You should be particularly aware of the following types of seizures:
- Generalised tonic-clonic seizures (sometimes called ‘grand mal’).
- Seizures that take place during sleep.
- Convulsive seizures that last a long time (called status epilepticus or just ‘status’).
- Convulsive seizures that occur in a cluster.
If you are not seizure-free you may want to make an appointment with your doctor. If you do not know ask your doctor:
- Which type(s) of seizures you experience.
- For a care plan which takes account of the risks from your seizures.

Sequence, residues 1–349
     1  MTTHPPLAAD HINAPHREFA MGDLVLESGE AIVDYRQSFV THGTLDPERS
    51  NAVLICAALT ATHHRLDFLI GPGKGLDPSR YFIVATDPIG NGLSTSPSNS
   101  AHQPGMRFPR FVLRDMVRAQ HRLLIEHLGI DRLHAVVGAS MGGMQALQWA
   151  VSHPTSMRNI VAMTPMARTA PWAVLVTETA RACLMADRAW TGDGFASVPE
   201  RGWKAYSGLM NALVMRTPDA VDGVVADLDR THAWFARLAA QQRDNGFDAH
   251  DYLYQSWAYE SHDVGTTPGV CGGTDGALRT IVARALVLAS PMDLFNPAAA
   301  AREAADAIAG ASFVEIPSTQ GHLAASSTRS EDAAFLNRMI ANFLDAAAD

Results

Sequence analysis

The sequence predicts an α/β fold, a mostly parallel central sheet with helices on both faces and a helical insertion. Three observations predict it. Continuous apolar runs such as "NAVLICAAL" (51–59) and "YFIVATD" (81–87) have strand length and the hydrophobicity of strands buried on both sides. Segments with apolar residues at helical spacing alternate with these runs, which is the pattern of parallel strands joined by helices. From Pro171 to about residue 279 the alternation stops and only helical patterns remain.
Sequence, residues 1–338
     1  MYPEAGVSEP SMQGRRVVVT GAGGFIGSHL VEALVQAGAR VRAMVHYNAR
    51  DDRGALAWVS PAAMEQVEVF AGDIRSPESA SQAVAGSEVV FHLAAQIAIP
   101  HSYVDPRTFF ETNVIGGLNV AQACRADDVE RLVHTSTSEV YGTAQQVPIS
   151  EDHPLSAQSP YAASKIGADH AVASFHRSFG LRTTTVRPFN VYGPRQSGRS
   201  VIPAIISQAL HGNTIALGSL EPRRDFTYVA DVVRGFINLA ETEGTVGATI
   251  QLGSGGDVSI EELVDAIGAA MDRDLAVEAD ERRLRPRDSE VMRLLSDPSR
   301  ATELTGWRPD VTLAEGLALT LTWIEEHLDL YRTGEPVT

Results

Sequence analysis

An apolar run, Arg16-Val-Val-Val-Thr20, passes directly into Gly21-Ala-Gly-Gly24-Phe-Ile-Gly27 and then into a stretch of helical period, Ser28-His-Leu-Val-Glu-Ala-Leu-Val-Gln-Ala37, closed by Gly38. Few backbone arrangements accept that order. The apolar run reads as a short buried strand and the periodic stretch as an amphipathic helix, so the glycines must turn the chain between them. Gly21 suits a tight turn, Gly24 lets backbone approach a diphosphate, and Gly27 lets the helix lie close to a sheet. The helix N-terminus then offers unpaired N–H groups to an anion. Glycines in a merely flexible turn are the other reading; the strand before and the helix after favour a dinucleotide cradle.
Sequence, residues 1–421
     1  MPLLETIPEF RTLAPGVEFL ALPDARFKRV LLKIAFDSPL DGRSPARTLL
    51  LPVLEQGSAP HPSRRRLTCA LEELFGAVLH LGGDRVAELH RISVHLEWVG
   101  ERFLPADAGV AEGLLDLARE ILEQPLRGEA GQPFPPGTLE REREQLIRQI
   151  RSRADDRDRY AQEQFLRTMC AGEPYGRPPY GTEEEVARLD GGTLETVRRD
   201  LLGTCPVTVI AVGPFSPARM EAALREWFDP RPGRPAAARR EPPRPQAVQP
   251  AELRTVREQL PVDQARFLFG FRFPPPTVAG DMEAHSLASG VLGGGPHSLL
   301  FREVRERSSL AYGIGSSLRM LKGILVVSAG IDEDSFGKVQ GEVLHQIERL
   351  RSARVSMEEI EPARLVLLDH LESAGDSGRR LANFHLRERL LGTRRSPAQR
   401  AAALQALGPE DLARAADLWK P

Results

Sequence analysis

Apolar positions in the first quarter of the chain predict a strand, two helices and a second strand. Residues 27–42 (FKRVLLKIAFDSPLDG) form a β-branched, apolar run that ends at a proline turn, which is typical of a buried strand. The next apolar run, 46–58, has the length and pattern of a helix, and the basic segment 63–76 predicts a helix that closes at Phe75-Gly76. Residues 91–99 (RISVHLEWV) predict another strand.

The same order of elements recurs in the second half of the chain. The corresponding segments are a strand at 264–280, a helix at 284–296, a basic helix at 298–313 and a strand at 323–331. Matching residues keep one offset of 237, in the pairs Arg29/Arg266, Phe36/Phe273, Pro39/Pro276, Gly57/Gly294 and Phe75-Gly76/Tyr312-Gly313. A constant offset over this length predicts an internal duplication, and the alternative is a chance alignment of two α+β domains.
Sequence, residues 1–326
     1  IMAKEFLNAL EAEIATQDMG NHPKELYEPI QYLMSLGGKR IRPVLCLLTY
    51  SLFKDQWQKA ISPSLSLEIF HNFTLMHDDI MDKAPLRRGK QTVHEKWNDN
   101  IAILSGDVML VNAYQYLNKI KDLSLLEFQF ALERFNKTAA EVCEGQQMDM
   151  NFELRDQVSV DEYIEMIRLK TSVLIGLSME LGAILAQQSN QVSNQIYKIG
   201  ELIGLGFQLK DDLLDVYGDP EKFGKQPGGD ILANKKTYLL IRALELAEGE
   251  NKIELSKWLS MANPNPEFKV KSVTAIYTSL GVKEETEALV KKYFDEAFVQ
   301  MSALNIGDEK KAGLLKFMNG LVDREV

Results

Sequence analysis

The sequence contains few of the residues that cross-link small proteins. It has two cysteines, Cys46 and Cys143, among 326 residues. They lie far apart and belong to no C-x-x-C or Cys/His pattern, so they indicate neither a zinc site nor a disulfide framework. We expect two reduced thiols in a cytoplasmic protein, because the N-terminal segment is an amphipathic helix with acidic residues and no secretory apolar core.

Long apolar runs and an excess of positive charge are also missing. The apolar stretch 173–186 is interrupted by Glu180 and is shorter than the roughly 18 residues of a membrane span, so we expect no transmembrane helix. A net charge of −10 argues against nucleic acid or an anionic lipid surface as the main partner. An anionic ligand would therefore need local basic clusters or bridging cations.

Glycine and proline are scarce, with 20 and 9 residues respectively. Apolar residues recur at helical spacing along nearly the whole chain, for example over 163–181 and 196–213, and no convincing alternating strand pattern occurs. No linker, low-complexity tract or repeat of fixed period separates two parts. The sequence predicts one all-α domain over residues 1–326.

Your doctor will need to know all about your seizures. To help with this you may want to:
- Ask people to tell you about your seizures.
- Keep a record or diary of your seizures.
- Invite someone who has seen your seizures to a medical appointment.
Being seizure aware can help in controlling them. Although seizures are spontaneous and unpredictable, there may often be triggers that you come to recognise. These may include getting anxious, stressed or excited. Sometimes people are affected by lack of sleep, too much alcohol or the fact that they ha’ve taken recreational drugs. Seizures can also be triggered by rapid changes in medication or if you forget to take your tablets.